CO2 concentrations during late incubation
Due to the high metabolic rate of the embryo and limited conductance of the eggshell (Burton & Tullett, 1985b), the O2 concentration in the air cell decreases to approximately 14.2%, and the CO2 concentration increases to 5.6%, at the end of incubation around the start of the hatching process (Romijn and Roos, 1938; Visschedijk, 1968). This triggers the embryo to pip the air cell and emerge from the egg. Even within species, there is a large variation in eggshell conductance (Burton & Tullett, 1985b; Visschedijk et al., 1985), resulting in a large variation in gas exchange, and this creates differences in hatching time. These differences in hatching time can be further increased among batches of eggs by differences in storage time, egg size, breeder flock age, and incubation conditions. The variation in hatching time within a batch of eggs is expressed as the hatch window, the time difference between the first and last chicken hatching. In practice, a short hatch window is preferred to achieve a uniform flock at pull time. To achieve a short hatch window, the CO2 concentration is sometimes increased to 2% at the onset of pipping to stimulate the chickens to hatch (French, 2010). CO2 concentrations up to 7% from day 17 of incubation onward do not have a negative effect on hatchability (Taylor et al., 1971). However, the effect of high (> 1 %) compared to normal (< 0.3%) CO2 concentrations during the hatching phase on hatchling quality and subsequent performance is unclear. In general, high CO2 concentrations stimulate embryos to start the hatching process and may reduce the hatch window of a batch of eggs. However, some embryos may require a longer incubation time to maximize their development during the incubation process, for instance due to a higher initial egg weight. Because of the high CO2 concentration, they are forced to hatch, and this will probably reduce the overall hatchling quality, indicated by a lower yolk-free body mass and shorter hatchling length. In addition, high CO2 concentrations at the end of incubation may negatively affect heart and lung maturation (Coleman & Coleman, 1991). Effects of high CO2 concentration on hatchling quality and subsequent performance are unclear, and more (practical) research is required to evaluate the effects of high CO2 concentrations.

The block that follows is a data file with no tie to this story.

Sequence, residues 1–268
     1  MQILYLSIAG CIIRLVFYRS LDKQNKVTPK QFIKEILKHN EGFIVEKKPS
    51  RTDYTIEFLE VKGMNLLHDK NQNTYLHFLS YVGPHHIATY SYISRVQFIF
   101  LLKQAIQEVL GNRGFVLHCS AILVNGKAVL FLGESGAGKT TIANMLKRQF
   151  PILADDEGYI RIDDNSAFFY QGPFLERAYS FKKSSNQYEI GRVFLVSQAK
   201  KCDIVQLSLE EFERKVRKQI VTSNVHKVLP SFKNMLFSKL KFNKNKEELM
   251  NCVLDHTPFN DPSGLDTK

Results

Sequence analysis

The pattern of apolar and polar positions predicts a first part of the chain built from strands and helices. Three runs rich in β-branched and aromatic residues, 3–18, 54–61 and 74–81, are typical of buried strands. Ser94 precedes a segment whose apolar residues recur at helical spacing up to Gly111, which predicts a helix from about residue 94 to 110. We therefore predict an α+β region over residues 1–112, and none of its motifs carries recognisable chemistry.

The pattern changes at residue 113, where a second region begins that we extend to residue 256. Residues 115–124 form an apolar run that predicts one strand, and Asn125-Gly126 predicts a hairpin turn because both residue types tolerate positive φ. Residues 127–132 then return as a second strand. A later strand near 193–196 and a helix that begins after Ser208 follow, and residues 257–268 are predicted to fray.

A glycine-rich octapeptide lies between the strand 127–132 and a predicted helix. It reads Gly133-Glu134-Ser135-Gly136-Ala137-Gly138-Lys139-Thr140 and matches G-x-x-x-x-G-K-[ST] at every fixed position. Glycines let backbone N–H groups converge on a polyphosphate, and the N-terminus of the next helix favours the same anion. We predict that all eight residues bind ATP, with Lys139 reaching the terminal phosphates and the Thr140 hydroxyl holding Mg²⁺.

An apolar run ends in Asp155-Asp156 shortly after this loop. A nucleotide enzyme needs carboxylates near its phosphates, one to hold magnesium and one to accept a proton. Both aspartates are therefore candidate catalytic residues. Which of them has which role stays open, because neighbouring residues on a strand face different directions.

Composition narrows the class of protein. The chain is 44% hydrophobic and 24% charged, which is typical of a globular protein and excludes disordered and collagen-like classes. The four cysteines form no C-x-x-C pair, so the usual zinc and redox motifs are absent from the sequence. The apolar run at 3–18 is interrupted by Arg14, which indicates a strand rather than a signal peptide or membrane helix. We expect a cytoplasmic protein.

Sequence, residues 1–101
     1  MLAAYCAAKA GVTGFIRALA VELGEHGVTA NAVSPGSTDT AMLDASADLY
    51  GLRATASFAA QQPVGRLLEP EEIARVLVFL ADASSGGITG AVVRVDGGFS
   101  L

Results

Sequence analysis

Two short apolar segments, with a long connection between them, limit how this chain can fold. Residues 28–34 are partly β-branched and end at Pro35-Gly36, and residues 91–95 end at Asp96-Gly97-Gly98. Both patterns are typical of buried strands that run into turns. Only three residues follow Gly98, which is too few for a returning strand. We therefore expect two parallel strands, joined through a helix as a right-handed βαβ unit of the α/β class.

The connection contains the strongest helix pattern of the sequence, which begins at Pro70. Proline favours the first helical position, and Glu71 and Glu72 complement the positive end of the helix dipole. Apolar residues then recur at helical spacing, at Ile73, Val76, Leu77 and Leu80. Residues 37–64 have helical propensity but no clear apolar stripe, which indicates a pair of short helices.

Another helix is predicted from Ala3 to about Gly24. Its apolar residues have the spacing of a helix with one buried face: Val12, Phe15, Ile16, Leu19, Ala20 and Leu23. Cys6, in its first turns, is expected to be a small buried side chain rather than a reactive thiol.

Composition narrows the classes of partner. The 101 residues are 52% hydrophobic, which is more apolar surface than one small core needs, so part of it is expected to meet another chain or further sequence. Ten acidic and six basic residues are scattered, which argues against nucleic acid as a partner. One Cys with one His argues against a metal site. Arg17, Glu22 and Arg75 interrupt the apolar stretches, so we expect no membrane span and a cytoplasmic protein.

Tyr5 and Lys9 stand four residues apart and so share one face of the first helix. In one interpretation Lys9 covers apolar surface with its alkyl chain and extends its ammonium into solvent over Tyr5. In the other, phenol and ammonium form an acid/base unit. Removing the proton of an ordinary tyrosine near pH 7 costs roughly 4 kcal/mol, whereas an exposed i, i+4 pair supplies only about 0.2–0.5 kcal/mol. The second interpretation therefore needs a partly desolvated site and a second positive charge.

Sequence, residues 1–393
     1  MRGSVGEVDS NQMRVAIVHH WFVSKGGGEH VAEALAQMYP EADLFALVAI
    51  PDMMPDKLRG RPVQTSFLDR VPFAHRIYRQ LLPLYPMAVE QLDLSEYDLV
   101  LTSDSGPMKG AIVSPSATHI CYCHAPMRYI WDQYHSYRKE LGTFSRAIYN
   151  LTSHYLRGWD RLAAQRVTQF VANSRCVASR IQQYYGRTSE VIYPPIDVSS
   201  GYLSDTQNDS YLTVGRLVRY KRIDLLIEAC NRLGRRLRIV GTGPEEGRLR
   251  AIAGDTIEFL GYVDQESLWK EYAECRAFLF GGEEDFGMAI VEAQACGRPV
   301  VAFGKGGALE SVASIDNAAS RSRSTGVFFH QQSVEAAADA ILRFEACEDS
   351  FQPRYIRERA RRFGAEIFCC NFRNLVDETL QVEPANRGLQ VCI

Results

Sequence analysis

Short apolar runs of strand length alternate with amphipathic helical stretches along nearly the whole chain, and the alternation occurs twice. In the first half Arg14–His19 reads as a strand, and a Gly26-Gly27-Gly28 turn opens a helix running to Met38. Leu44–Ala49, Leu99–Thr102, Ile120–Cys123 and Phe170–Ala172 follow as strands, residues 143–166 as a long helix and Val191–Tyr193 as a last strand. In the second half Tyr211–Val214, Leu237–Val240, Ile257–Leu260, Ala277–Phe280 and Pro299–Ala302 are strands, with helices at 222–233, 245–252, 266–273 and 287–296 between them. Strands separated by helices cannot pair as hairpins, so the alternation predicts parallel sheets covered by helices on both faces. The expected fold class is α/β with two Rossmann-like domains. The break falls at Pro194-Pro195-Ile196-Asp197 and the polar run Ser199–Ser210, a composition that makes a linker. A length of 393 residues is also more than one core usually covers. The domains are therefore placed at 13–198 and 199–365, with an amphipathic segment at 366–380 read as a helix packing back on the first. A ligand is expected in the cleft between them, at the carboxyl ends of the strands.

NEW INSIGHTS RELATED TO THE INCUBATION PROCESS
Although the optimal embryo requirements regarding temperature, relative humidity, and CO2 concentration to obtain maximum hatchability, hatchling quality, and subsequent performance are still not completely known, new insights related to the incubation process have been gained. In this chapter, a few new insights related to the incubation process are described. Firstly, the effect of the preincubation warming profile on hatchability is described. Secondly, the effects of thermal manipulation during incubation on thermotolerance of the embryos during incubation and the birds later in life are explained. Furthermore, the effect of in ovo feeding during the end of incubation on the nutritional status of the embryo at hatch and subsequent performance is described.